9 factors to look at when selecting stocks

Fundamental and technical characteristics are important when examining stocks. However, here are an extra 9 factors to consider when selecting a stock.

Ownership: When executives of a company own a large portion of shares in a company, shareholders can see that there is a vested interest with the executives of the company to do well. It is also worth looking at whether the executive compensation is dependent on the performance of the business they are running.

Growing Industries: Look for stocks in industries which are still growing and have further growth potential. These stocks have potential to get carried upwards due to this growth. Investing in mature industries will see limited growth but earnings may be more stable and predictable.

Low Cash Reserves: Growing companies are always using excess cash to expand their business. If a company has a lot of cash sitting on its balance sheet it may mean that they are struggling to find further areas to invest in because the company has grown already to the maximum capacity.

Buy Backs: This is a good sign the company’s earnings and revenues are growing so rapidly they are buying back their shares. The buyback will increase the share price which therefore means shareholders have better value for their shares by the increased earnings per shares (earnings remains the same, whilst shares on issue goes down).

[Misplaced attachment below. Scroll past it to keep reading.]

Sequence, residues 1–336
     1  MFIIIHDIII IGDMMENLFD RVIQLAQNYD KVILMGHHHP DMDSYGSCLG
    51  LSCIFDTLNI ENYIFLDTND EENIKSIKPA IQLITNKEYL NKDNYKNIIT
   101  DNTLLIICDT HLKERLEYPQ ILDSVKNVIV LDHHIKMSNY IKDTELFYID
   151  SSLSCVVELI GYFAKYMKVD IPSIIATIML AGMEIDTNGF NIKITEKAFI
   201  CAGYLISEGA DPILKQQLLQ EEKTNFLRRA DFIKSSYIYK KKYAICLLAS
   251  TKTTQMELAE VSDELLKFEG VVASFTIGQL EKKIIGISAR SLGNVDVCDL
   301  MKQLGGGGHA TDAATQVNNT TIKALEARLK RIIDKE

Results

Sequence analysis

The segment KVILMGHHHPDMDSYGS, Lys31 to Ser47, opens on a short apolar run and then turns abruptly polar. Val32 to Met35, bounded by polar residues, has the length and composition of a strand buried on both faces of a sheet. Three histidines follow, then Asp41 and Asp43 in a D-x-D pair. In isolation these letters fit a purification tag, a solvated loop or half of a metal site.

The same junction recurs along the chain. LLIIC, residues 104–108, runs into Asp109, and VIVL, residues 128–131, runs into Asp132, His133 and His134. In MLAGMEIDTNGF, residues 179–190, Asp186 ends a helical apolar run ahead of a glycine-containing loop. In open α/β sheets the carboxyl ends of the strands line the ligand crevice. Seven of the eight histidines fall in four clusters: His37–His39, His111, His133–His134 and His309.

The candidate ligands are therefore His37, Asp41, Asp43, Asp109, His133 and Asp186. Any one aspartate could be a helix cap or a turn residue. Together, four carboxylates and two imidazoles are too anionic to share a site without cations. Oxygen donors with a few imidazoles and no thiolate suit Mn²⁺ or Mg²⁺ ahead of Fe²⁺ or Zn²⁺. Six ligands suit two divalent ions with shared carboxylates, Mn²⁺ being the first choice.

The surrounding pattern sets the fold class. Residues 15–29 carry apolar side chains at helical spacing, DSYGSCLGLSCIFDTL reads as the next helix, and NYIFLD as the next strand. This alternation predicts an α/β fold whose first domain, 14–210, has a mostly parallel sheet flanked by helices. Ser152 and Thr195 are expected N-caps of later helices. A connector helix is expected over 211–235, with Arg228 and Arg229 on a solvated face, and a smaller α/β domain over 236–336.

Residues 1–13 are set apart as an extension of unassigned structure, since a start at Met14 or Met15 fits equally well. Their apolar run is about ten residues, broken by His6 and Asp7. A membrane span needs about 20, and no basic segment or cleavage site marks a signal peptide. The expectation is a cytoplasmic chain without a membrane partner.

52 week high: This shows that the stock is displaying upwards momentum. Investors have confidence in the stock as they feel the company has strong growth prospects. This positive momentum is a good indicator that the stock can continue this trend.

Low Debt Levels: There is a direct correlation between the volatility of a stock and the amount of gearing they have. The more debt, the more volatile the stock is. If a company has higher debt levels than others in the same industry, then it could be much more vulnerable if interest rates are raised.

History: Look for stocks that have previously displayed strong performance. Although past performance does not always reflect future performance, it will give an idea of how the company is operating. Stocks which are in the initial stages of a growth may not have formulated a strategy to generate strong profit so it would be hard for these stocks to have consistent positive performance.

Frequent Publicity: Avoid stocks which are in the news frequently as this may cause the stocks to be very volatile and potential move rapidly in line with the news coverage. Stocks tainted by a scandal may find their stock prices movements exaggerated.

Competitive Advantage: Look for companies which have a point of difference in their products that consumers are willing to pay for. These companies have innovative products which their competitors do not have.

Lauren Hua is a private client adviser at Fairmont Equities.

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